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P176. Impact of capsule endoscopy on management of Crohn's disease: A single center experience

F. Dias de Castro1, B. Rosa1, M.J. Moreira1, J. Cotter1

1Alto Ave Hospital Center, Gastroenterology, Guimarães, Portugal

Background: Small bowel capsule endoscopy (SBCE) may be used in the staging of patients with previously diagnosed Crohn's Disease (CD). We aimed to identify the subgroup of patients with CD in which SBCE conducted to restaging and/or modifications in the therapeutic management.

Methods: Retrospective single-center study, including 39 patients with previously diagnosed CD, submitted to SBCE. The variables were duration of the disease, previous therapy for CD and laboratory markers of inflammation and/or severity of CD at the time of SBCE. Primary outcomes were the existence of moderate or severe inflammatory activity on SBCE (Lewis Score, LS ≥790), and treatment modification within six months after SBCE. Statistics were performed with SPSS v.16.0, using Pearson chi-square and Fischer's exact test.

Results: Thirty-nine patients included, 54% female, with mean age 33±14 years. At the time of SBCE, 33% of patients were within the first year after the diagnosis of CD. Serum analysis were: erythrocyte sedimentation rate (ESR) 20.8±16.4 mm/h, C‑reactive protein (CRP) 16.6±26.1 mg/dL, ferritin 92.0±91.7 mg/dL, leucocytes 8171.8±2305.5/µL, platelets 305.769±129.234/µL, hemoglobin 13.3±1.9 g/dL, total protein 7.2±0.7 g/dL, albumin 4.4±0.6 g/dL. Patients had been previously treated with corticosteroids (59%), azathioprine (7.7%) or infliximab (2.6%), and 12.8% had previous surgery related to CD. Six months after SBCE, these figures were significantly higher, 38.5% of patients being treated with azathioprine, 15.4% with biologics, and 7.7% underwent surgery. The presence of anemia was statistically related to higher inflammation at SBCE (LS ≥790). The presence of higher inflammation on SBCE was significantly related to therapeutic adjustments during follow-up (p < 0.05). Additionally, patients with more than one year of evolution of CD, those with high platelet count or low serum protein were also more prone to treatment modifications after SBCE (p < 0.05). Previous therapy with corticosteroids, immunosuppressives, anti‑TNF α or surgery could not predict the need for therapeutic changes after SBCE.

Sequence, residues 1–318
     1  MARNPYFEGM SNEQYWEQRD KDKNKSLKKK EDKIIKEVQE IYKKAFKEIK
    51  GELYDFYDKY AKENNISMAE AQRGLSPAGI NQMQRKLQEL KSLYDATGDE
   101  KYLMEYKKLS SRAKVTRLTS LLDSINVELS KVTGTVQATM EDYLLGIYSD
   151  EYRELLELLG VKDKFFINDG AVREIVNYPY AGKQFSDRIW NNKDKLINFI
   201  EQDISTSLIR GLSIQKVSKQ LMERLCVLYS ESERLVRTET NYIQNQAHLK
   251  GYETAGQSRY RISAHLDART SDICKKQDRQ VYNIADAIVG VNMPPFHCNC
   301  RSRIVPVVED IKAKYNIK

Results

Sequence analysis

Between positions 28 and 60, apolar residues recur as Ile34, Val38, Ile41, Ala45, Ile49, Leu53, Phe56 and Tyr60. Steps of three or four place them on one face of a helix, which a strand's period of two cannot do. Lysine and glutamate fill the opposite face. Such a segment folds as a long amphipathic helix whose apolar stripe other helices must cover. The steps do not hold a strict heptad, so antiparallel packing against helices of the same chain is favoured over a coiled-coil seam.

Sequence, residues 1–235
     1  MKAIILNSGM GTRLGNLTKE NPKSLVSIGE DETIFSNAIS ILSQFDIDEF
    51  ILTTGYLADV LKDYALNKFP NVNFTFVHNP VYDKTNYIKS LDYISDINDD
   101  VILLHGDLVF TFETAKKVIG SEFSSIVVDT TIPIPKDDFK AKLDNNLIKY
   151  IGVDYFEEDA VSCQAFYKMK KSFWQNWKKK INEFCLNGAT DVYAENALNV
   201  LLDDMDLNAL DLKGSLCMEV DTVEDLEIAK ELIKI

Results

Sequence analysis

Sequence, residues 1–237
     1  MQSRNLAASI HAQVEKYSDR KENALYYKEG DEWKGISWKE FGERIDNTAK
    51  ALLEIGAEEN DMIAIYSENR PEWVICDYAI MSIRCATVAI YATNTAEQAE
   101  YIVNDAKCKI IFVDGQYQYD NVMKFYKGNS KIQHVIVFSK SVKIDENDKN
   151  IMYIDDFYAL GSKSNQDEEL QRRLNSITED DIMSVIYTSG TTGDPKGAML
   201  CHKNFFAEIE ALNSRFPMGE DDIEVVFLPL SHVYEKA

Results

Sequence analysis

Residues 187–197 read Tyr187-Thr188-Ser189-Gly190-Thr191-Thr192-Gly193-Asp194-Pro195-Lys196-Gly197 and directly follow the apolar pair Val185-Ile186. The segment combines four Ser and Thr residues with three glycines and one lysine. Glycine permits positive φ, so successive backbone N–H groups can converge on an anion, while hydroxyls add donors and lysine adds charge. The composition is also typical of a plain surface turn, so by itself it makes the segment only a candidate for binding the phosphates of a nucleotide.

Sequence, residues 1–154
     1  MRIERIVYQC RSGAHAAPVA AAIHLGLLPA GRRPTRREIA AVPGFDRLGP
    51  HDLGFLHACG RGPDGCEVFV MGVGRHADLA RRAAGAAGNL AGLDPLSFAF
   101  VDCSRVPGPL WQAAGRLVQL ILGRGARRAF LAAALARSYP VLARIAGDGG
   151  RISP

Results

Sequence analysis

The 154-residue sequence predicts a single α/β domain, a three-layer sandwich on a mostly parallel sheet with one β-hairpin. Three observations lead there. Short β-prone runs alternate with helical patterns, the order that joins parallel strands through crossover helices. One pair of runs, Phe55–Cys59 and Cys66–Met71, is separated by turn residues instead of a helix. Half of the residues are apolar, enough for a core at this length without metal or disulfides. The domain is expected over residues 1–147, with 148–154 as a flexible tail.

Conclusions: SBCE significantly contributed to modifications in the therapeutic management of CD patients. Treatment was more often adjusted in patients with higher LS on SBCE, corresponding to moderate or severe inflammation. Longer duration of the disease, thrombocytosis and hypoproteinemia were associated to treatment modifications, and could be considered in the selection of CD patients candidates to SBCE.